The loggerhead sea turtle T, T, Caretta caretta, is found in all marine environments, except in polar regions, and frequent bays, estuaries and may enter river mouths.  Loggerheads have a characteristic large head and are the largest hard-shelled turtle in the world.  The dorsal surface of their carapace is typically reddish brown with the venter being yellowish.  The adults generally average 3.6 feet in length and weigh more than 500 pounds.  Adults and juveniles feed on aquatic plants, crustaceans, mollusks, jellyfish, squid, sea urchins and fish in the shallow waters and around coral reefs.  The females nest on beaches and many, but not all, will go to the same beach year after year, laying usually 80 eggs per clutch 2-4 times in a year.  They usually nest every 2 to 3 years and lay the eggs in the flood of the spring tides.  Their decline is blamed on 3 factors: 1) erosion of the barrier islands, 2) people harvesting the eggs and meat for food, and 3) adults getting caught in fishing or shrimping nets.

 

The gopher tortoise T, T, Gopherus polyphemus, is found on land in soils that are very sandy and well drained typically in upland longleaf pine and mixed pine-hardwood forests in the coastal plain from South Carolina through Florida to southeastern Louisiana.  The dorsal surface of their carapace is typically brownish to grayish with the venter being yellowish.  Adult males are distinguished from females by having a prominent projection on the anterior portion of their venter.  The upper shell can range in length from 107 to 240 mm, while the venter averages 280 mm.  Adult gopher tortoises take 16 – 21 years to mature but can live 40 years or longer.  They are herbivorous and tend to feed on vegetation that is positioned close to the ground, like grasses, leaves and occasionally wild fruits and berries.  Gopher tortoises dig burrows below the surface for protection from harsh weather and predators.  Females lay an average of 6 eggs and bury them in a shallow nest toward the entrance to her burrow.  There are many reasons the gopher tortoise population is in decline: 1) mortality of eggs and hatchlings from invasive fire ants, 2) dog harassment, 3) people eating them or keeping them as pets, 4) the absence of fie, which creates a thick understory thus preventing grasses from growing, and 5) agriculture. 

 The ringed map turtle T, T, Graptemys oculifera, is endemic to the Pearl and Bogue Chitto River drainages, primarily in clean systems with a moderate current, open canopy and numerous sandy nesting beaches.  Their carapace has a background color that is dark olive brown with distinct yellow to reddish rings on the scutes.  The head is also distinct with a large yellow spot behind each eye.  They are relatively small turtles with a carapace length of 8-10 cm (males) and 12-22 cm (females).  They mature at about 5 years of age and female’s produce 3-4 clutches of 5-6 eggs annually.  They primarily feed on insects, but will eat small fish and mollusks.  They are in decline because their river systems have been altered, which has decreased the number of exposed sandbars, on which they lay their eggs.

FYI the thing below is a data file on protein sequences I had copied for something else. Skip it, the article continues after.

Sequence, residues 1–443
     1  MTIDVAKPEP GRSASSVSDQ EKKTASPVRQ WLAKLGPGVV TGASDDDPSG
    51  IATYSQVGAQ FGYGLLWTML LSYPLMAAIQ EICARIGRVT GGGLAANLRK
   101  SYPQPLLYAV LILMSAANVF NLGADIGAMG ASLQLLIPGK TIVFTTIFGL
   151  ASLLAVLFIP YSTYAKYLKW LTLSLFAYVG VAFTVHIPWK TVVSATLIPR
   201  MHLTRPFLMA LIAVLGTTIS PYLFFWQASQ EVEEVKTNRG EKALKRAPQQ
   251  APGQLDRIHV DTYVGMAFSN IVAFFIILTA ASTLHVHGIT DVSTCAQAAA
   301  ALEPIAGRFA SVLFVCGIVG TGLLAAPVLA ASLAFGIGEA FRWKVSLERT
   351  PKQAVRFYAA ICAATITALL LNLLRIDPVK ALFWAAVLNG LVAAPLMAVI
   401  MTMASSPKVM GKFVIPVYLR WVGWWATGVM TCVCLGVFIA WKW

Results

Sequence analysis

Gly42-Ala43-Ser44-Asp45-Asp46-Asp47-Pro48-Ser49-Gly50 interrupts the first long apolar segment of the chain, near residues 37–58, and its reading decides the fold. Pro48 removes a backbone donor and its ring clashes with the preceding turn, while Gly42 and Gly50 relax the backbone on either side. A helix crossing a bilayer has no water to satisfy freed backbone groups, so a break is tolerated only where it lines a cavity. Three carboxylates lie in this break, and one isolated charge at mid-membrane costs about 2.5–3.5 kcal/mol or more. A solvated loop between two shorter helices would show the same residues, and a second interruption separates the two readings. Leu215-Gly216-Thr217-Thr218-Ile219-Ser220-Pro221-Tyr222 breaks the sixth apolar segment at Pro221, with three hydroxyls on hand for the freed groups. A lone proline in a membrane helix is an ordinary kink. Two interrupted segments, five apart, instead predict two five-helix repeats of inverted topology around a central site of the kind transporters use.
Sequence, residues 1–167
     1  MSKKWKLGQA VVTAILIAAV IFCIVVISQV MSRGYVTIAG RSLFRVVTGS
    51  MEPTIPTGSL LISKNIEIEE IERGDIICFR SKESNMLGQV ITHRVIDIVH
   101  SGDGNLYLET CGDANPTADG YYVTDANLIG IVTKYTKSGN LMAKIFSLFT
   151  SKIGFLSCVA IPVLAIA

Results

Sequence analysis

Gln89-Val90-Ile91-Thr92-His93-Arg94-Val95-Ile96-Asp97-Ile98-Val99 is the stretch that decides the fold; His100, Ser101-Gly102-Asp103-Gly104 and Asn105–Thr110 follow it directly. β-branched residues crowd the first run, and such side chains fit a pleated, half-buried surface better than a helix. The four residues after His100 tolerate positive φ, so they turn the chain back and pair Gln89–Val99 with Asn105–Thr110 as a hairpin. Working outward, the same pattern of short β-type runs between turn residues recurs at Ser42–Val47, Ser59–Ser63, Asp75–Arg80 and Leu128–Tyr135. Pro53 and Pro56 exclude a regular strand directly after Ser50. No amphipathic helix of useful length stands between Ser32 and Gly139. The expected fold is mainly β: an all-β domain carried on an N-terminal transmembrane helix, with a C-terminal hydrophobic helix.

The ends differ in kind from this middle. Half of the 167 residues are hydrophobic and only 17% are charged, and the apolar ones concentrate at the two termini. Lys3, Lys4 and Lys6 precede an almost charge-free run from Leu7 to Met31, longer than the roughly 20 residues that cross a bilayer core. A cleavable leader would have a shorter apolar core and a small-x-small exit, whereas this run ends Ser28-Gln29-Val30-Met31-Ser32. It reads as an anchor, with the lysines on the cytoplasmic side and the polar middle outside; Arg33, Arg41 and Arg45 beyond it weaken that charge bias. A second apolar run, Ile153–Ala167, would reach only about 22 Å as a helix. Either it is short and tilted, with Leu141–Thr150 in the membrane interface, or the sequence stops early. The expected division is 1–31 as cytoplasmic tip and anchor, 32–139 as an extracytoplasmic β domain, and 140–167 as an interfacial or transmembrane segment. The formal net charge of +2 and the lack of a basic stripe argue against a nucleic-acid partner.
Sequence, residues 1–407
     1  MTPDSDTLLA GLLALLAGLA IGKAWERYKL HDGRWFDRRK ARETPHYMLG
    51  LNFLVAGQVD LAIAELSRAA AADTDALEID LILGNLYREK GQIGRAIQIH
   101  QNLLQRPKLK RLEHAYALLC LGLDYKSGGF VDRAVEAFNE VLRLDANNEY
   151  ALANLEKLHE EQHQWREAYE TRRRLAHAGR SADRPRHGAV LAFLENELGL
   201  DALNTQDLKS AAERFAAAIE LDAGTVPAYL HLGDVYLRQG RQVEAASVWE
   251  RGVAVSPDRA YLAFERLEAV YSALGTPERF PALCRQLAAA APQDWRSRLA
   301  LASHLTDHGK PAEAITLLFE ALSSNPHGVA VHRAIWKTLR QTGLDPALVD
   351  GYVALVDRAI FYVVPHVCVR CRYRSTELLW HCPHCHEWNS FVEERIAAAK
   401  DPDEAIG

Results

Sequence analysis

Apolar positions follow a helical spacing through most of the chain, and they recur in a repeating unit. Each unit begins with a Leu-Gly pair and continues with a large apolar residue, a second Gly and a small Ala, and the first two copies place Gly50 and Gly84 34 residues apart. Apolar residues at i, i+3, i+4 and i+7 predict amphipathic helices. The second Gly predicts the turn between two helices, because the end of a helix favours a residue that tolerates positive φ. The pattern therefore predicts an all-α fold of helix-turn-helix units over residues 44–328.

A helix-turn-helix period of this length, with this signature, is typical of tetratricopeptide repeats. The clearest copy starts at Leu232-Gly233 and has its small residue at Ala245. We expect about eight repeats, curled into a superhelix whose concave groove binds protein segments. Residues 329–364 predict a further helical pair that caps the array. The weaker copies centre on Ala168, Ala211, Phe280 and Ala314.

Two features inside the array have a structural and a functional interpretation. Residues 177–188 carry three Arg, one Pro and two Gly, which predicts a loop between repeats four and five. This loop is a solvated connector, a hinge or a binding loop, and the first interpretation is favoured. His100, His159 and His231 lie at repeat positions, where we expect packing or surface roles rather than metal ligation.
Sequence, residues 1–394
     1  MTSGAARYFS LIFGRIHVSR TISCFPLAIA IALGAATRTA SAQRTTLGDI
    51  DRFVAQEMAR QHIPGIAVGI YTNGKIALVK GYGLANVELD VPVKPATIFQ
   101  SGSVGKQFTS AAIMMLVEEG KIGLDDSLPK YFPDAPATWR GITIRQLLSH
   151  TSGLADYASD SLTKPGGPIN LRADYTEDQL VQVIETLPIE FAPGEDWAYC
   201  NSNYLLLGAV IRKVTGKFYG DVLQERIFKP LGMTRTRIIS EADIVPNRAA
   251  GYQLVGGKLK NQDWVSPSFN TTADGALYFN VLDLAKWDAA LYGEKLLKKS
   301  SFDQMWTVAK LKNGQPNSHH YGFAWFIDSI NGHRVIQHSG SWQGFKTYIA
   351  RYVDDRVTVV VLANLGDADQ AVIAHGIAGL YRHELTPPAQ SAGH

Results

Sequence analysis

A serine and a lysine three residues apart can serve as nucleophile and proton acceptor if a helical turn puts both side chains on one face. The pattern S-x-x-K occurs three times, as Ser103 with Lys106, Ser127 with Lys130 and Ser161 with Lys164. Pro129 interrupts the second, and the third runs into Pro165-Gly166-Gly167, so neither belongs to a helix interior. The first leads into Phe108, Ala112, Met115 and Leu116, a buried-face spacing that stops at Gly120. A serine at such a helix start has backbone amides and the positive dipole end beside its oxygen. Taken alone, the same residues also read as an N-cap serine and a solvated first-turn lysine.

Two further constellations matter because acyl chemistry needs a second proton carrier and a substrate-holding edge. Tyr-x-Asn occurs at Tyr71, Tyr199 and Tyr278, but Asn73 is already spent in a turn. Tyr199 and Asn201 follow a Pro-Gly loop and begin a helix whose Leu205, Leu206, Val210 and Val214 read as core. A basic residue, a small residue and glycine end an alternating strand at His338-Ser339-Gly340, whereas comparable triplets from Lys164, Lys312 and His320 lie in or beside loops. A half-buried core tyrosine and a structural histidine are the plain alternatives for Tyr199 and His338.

Birds

The brown pelican E, E, Pelecanus occidentalis, are coastal birds found along the Atlantic, Pacific and Gulf coasts.  They are large brown birds with a long, flat bill and distinct gular pouch, which is used to hold 2 to 3 times more than their stomach, which is about 3 gallons of water and fish.  Their diet consists mainly of fishes, but they will also eat crustaceans.  Adults are 42 to 54 inches long with a 7.9-foot wingspan.  The body plumage of male and female brown pelicans is very similar.  Adults tend to have gray-brown to silver-brown body plumage and wing feathers that are darker in color.  They tend to nest in low shrub thickets around the dunes of barrier islands.  They lay a clutch of 2 – 3 eggs.  Their decline is due to pesticide poisoning from DDT, which thins the egg shell, a decrease in nesting habitat due to barrier island erosion, and human consumption of eggs.

The bald eagle T, E, Haliaeetus leucocephalus, is a large raptor, which nests primarily in cypress swamps near open water.  They are found throughout North America where there are adequate nesting sites and open water.  The body plumage of adults is dark brown with a white head and white tail.  Adult bald eagles have bright yellow beaks, feet and eyes.  Immatures have dark brown plumage with some mottling until their fourth year and a black bill.  They also have very powerful talons, which are used to immobilize and hold prey.  Adults are typically 3.6 feet in length and their wingspan can reach 7.5 feet.  Females lay a clutch of 1 to 3 eggs each year.  Males and females tend to the nest and both hunt and feed the young.  They eat a wide variety of food including small mammals, waterfowl, and seabirds, but primarily eat fish, self-caught or stolen.  They have long lives and can live from 30 to 50 years.  Their decline is due to pesticide residues from DDT, which thins the eggshell, loss of habitat and human disruption of nesting pairs.